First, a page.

By Jeff Davis
Jeff Koon’s latest exhibition of his gargantuan polished metal sculptures, stark white plasters and relatively smaller scale mixed media paintings has been extended through August 18 at Gagosian in Beverly. The massive stainless steel transparent colored works are clearly the stars of the show. As you walk into the main space your gaze will be transfixed on the nearly 12-foot-tall blue and magenta “Sacred Heart” sculpture. Essentially a towering heart wrapped in a skin-tight Mylar-like electric blue sheath, tied off tight at the top with a shiny magenta bow. The sculpture is somehow precariously balanced on a stark white slab base. Tempted to reach out and check the sculptures stability? If you get to close the room full of guards will pounce quickly given its surreal price tag.
While the Sacred Heart is indeed impressive, it pales in comparison to the imposing 14-foot “Balloon Rabbit” (Magenta) in the adjacent gallery. The heart and rabbit works take common objects and transform them into monuments – forcing you to walk around them to observe from multiple vantage points. The bunny is so stunning it draws your attention away from smaller, but still impressive, steel works including the “Ballerinas” and “Bluebird Planter” which are perched just a few meters away. Both of these works utilize much finer color gradations and curvatures than the larger pieces. The metal works beg for a video that could explain the challenging construction without giving away the technical trade secrets.
In fact, the steel sculptures suck up so much of the oxygen in the room you may almost forget the five plaster works holding his requisite blue glass gazing balls and the assorted oil on canvas paintings featuring the same reflective spheres positioned in front of them. The orbs are supposed to “reactivate” and “intensify” the familiar scenes. In reality, they make you part of the art; your reflection becomes the central core. There is a ton of two-hour free parking in the neighborhood, but probably not a great show to drag toddlers to given their desire to reach out and touch.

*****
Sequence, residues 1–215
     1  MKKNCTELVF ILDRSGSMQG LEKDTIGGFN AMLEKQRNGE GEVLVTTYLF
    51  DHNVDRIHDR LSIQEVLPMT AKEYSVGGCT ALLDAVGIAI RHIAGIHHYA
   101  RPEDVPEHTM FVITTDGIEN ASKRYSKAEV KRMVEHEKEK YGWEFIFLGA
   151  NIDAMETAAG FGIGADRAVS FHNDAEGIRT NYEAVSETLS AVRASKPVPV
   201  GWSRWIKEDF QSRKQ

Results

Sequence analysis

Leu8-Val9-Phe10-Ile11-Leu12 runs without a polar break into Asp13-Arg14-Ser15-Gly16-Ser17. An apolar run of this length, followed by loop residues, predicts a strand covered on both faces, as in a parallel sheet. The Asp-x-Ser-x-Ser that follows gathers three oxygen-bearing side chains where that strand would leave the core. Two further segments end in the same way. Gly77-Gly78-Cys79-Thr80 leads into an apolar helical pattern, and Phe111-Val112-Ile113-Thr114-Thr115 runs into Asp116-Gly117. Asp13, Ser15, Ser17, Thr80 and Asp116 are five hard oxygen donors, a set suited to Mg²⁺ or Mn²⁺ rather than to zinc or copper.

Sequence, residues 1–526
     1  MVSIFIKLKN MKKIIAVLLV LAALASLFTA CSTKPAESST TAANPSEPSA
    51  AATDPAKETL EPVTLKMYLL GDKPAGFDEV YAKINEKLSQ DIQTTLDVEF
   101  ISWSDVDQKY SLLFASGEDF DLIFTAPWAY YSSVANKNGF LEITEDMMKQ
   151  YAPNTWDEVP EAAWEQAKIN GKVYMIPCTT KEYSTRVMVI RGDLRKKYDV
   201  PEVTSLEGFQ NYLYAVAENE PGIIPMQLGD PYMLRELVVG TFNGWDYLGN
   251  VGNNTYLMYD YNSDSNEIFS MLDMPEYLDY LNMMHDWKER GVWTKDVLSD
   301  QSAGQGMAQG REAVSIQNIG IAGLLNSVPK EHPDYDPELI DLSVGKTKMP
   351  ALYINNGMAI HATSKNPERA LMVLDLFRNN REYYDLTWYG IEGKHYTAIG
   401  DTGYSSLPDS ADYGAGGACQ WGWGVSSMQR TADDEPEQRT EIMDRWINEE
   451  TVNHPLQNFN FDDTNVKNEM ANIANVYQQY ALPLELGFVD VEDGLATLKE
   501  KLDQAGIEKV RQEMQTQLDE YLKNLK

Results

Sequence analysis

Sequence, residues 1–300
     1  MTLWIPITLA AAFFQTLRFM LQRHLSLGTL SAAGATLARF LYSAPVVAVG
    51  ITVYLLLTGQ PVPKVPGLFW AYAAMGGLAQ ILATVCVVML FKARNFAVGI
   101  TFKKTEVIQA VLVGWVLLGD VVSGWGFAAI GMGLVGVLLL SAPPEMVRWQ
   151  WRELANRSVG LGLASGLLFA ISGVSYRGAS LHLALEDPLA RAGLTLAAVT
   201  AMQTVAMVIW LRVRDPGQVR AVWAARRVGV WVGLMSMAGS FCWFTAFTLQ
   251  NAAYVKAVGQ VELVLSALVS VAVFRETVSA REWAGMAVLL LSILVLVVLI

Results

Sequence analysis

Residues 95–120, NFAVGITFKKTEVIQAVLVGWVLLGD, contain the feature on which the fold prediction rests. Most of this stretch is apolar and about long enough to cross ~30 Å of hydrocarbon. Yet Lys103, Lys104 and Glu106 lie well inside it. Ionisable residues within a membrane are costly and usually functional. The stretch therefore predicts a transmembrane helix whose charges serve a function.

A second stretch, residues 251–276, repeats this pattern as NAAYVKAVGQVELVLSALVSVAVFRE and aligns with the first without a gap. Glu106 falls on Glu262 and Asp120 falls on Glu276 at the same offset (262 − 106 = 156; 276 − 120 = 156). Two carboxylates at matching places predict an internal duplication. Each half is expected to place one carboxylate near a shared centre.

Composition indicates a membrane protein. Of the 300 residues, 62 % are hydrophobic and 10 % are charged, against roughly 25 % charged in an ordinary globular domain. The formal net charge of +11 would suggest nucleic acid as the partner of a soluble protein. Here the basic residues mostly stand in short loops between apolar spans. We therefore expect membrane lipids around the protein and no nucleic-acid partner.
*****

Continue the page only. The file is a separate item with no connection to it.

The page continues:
Down Santa Monica Blvd at 101/Exhibit Gallery, Robin Eley’s “Loss/Less” is showing through July 14. Eley’s current works took over two years to construct – not surprising given that portraits containing 24,000 tiles had to be painstakingly painted, assembled, disassembled and rearranged to form the final works. The process involves creating two original photo-real portraits and then swapping 1” x 1” tiles between the two paintings to create a single unique pixelated or digitized effect for the remaining “twin” portrait.
Your eyes will naturally try to fill in the missing blanks on each side of the portrait, however, that is made more difficult because some of the compositions now have more than the requisite key features (e.g. four eyes on one head or mouths in the wrong position).
The upper level gallery features “The Binary Project”, a 4,900 cell work that involved the artist dismantling and shipping all the tiles from the an original painting of his newborn twins across the globe to a group of Kickstarter campaign participants. The recipients then sent jpeg files of the originals back to Eley who reassembled them into a new 70” x 70” work. Each jpeg is a variation of the original tile with color and even subject matter altered. Eley’s art is a perfect example of technology and the digital world enhancing physical art instead of replacing it.
bG Gallery at Bergamot Station features “Spectrum Gestalt 4” through July 1. Part curatorial, part installation the exhibit brings together artists’ works from a wide variety of genres and mediums, grouping them into an expansive spectrum of color. The show is a result of an annual open call, allowing the gallery to discover new talent. Spectrum-Gestalt is part of an ongoing series of installation/curatoriales exploring gestalt principles by Australian artist/curator, Airom. There is literally something for everyone – prices range from $20 to $2,000+.
1. “Balloon Rabbit (Magenta)”, 2005-2010, Jeff Koons, Mirror-polished stainless steel with transparent color coating. 168” x 107” x 80.75” (1 of 5)
2. “I’m squeaky clean / I just kinda stopped doing stuff”, 2016. Oil on Diabond, epoxy and aluminum honeycomb panel, 34” x 44”, Eley
3. Jeff Koon’s Installation View